Thu 7 Jun 2012
The world lost one of the greats today. Raymond Bradbury has been an inspiration to many of us here at Dumbo Feather. Only last week, I was sharing his letter to Snoopy on the perils of rejection far and wide. A few issues back, as Paul Jennings talked about his influence, I was proud to publish this short piece by Myke Bartlett alongside. We republish it today in memoriam. Rest in peace, Raymond Bradbury, as we will shuffle forever about the house you left behind. Making tea. Burning toast. Keeping things in order. —Patrick
Before he became a writer, Ray Bradbury wanted to be a magician. Indeed, the American author attributes the birth of his career to a carnival wizard—Mr Electrico—who once touched him with an electrified sword and commanded him to “Live forever!” Determined to obey, the young Bradbury rushed home and, instead of sharpening his much-loved magical tricks, immediately started writing. Perhaps he knew then where his best chance of immortality lay.
I like to think you can glimpse that same magic, that same electricity, running through Bradbury’s work. It was certainly a powerful prod. Some 80 years on, Bradbury is still alive and still writing, with 11 novels and more than 40 short story collections published across a half-century career.
He’s most often described as a science fiction writer, but it’s a label that seems to miss the point. As Bradbury himself has said, there’s little science to his storytelling. His stories peel back the prosaic to reveal an improbable, extraordinary world; one we always hoped might exist, somewhere in the periphery. This is what a magician does, after all; they trick us into believing the impossible is real.
For me, the best example of this is his 1963 novel Something Wicked This Way Comes. Like its protagonists, the book seems to inhabit some liminal space between adulthood and childhood. It’s about children, but perhaps not for them. The writing is practically musical, Bradbury’s prose singing and jangling in melodies perhaps too complex for young eyes and ears. If anything, it feels more of a tribute to childhood reading than a bookshelf comrade. Here is youth as remembered at a distance, instead of youth as lived.
Bradbury is, without doubt, a wonderful, economical storyteller. In his collections of short stories, the appeal of snappy tales such as “A Sound of Thunder” and “The Veldt” hinges on dark and memorable twists. Yet, in Something Wicked, Bradbury puts aside a tidy plot and allows himself to indulge in striking imagery and dazzling wordplay. Here, more than ever, he is a showman.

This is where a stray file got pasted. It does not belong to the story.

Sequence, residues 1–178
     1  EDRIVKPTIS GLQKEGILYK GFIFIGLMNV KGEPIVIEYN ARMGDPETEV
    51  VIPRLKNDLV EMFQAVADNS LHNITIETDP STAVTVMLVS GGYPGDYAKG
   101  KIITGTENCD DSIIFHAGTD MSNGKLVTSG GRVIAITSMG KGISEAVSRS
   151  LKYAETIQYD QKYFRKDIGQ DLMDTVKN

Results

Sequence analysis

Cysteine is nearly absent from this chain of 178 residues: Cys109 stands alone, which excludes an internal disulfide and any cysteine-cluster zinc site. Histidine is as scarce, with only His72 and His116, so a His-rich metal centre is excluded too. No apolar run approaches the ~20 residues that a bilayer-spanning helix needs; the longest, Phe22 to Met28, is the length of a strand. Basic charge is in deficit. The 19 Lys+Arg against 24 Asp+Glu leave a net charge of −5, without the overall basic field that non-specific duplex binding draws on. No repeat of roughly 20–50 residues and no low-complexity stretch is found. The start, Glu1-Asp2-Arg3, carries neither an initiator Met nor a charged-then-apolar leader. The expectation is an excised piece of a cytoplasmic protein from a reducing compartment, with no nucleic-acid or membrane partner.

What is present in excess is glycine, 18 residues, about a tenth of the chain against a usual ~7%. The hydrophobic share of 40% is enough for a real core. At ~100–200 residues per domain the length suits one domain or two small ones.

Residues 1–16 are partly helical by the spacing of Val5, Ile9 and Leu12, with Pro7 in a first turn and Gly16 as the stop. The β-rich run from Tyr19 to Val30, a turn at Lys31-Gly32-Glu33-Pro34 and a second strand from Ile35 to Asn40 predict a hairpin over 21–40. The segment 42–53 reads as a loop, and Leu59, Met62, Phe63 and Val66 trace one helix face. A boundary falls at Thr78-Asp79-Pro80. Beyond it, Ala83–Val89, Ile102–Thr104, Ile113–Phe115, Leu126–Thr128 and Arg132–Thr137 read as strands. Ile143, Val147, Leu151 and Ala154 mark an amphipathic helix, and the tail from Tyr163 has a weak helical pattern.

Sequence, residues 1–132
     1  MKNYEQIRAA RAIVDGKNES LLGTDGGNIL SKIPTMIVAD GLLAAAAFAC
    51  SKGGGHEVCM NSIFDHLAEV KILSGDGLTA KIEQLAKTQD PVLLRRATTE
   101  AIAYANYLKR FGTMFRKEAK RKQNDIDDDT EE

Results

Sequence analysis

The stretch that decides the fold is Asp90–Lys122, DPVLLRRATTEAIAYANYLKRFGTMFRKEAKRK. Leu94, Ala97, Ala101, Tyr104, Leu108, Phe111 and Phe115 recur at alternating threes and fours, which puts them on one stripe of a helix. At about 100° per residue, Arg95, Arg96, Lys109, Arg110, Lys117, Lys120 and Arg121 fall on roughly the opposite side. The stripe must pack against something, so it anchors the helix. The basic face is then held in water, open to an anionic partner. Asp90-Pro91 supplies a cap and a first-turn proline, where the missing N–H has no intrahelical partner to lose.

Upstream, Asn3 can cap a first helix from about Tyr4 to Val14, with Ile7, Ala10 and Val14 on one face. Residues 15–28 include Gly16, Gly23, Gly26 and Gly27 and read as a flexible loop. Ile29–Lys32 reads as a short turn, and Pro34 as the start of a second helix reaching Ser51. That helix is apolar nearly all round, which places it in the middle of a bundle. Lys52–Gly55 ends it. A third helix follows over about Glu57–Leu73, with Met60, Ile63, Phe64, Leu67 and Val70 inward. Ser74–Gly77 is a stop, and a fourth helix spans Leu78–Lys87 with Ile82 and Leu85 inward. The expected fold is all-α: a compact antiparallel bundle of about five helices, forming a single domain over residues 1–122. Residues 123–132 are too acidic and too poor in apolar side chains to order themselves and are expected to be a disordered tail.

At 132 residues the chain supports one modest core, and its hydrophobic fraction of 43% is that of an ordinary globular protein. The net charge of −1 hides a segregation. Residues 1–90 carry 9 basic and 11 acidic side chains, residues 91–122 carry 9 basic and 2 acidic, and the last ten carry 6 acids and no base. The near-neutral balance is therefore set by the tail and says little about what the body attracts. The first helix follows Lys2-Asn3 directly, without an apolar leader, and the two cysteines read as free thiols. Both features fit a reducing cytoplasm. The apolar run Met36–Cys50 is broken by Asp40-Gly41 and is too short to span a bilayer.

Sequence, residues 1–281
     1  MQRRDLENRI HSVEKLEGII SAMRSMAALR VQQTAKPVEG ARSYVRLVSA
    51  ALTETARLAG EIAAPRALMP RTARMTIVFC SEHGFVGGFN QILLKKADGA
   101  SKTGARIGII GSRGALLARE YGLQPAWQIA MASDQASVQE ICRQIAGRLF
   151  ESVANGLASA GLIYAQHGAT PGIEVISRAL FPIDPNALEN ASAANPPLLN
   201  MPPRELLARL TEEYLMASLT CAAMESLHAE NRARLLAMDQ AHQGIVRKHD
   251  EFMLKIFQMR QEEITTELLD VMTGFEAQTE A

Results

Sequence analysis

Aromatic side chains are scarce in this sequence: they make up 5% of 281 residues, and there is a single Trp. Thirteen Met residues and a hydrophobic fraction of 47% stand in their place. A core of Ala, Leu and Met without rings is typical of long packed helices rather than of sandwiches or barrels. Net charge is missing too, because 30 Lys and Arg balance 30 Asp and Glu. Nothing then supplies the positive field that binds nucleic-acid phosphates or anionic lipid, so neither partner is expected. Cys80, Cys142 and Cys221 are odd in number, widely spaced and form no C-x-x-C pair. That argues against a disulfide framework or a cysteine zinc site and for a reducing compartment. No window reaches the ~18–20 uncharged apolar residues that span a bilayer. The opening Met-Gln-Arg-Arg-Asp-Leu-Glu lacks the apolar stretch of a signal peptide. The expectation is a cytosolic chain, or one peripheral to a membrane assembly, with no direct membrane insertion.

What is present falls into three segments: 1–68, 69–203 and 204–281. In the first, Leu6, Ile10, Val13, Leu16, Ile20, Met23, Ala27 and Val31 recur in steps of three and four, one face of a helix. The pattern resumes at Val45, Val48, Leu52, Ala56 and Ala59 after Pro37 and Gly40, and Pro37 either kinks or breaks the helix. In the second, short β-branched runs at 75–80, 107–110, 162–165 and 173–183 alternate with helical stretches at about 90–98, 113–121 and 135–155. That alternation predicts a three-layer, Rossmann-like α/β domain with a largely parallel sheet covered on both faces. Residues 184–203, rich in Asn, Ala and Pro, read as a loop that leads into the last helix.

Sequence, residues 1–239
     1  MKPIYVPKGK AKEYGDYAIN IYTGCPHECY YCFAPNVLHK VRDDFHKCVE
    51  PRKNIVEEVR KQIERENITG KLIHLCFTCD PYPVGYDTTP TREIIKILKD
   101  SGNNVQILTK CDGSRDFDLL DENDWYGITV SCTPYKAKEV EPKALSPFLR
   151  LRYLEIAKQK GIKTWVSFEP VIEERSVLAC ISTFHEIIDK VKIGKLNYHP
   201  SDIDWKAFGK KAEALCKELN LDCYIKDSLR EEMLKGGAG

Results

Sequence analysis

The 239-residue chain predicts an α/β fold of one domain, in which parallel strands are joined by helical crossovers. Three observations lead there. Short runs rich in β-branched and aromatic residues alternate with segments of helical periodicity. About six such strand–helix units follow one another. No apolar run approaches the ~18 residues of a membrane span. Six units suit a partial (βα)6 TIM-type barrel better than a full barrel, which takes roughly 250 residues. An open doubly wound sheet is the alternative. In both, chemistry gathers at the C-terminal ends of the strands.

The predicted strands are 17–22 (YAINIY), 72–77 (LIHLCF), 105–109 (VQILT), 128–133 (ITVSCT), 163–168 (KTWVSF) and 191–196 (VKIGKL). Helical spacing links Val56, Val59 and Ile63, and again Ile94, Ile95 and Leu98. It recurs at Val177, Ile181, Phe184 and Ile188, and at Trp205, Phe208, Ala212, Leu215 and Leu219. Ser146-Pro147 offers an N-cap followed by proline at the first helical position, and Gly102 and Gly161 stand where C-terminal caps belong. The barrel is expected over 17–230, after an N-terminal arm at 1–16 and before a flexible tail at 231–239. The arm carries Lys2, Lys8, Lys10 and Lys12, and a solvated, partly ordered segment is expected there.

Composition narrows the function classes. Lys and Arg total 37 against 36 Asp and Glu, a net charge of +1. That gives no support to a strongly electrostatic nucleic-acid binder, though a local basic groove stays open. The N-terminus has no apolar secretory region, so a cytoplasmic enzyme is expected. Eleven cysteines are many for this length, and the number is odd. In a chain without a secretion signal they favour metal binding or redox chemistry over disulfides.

Indeed, I’ve read Something Wicked several times now but can never remember exactly what happens. Pulling its spine from my shelf conjures memories of mermaids in ice, haunting calliopes and the prickly promise of an electrical storm, but the story itself eludes me like some forbidden spell.
Bradbury’s love of magic might also explain one of the recurring themes threaded through his canon—the fear of technology, of the future. In his short story “The Pedestrian”, he portrays a future society brought to its knees by the household television. So hypnotic are these devices—dangerously new when the story was published in 1951—that the populace is effectively zombified. The police force is defunct as there’s no crime, everyone happily tucked up in the flickering light of these screen entertainments.
It’s a wonderfully Luddite fantasy, the sort that only a staunch defender of books might dream up.
It’s no great distance from there to Fahrenheit 451, which seems destined to forever follow Bradbury’s name in neat parentheses. It probably is his masterpiece, but it’s not a book that has ever excited me. For this I blame my English teachers, who would hold the novel aloft, as proof of their worth, banging us on the heads and sighing: imagine a world without books! Too often, we did.
These days, with economies collapsing around us and great cities setting themselves on fire, it’s not a stretch to imagine ourselves inside one of Bradbury’s dystopian futures. The twist is, however, not how relevant Fahrenheit 451 has become, but how quaint. It’s hard to imagine anyone caring enough to build a bonfire of books, given the screen’s utter domination. There’s a reason why, in the recent London looting spree, electronic stores were gutted while not a single bookshop was touched.
For me, here lies the appeal of Something Wicked This Way Comes. It’s a world where magic happens, yes, but it’s also a world where salvation lies not in armies or science, but in libraries. Pitched in battle against Mr Dark and his carnival show freaks, young Jim Nightshade turns to his book-loving father for answers. The sweetness of its nostalgia lies not just in its powerful evocation of childish wonders, but of a world where books truly mattered. That is a magical place indeed.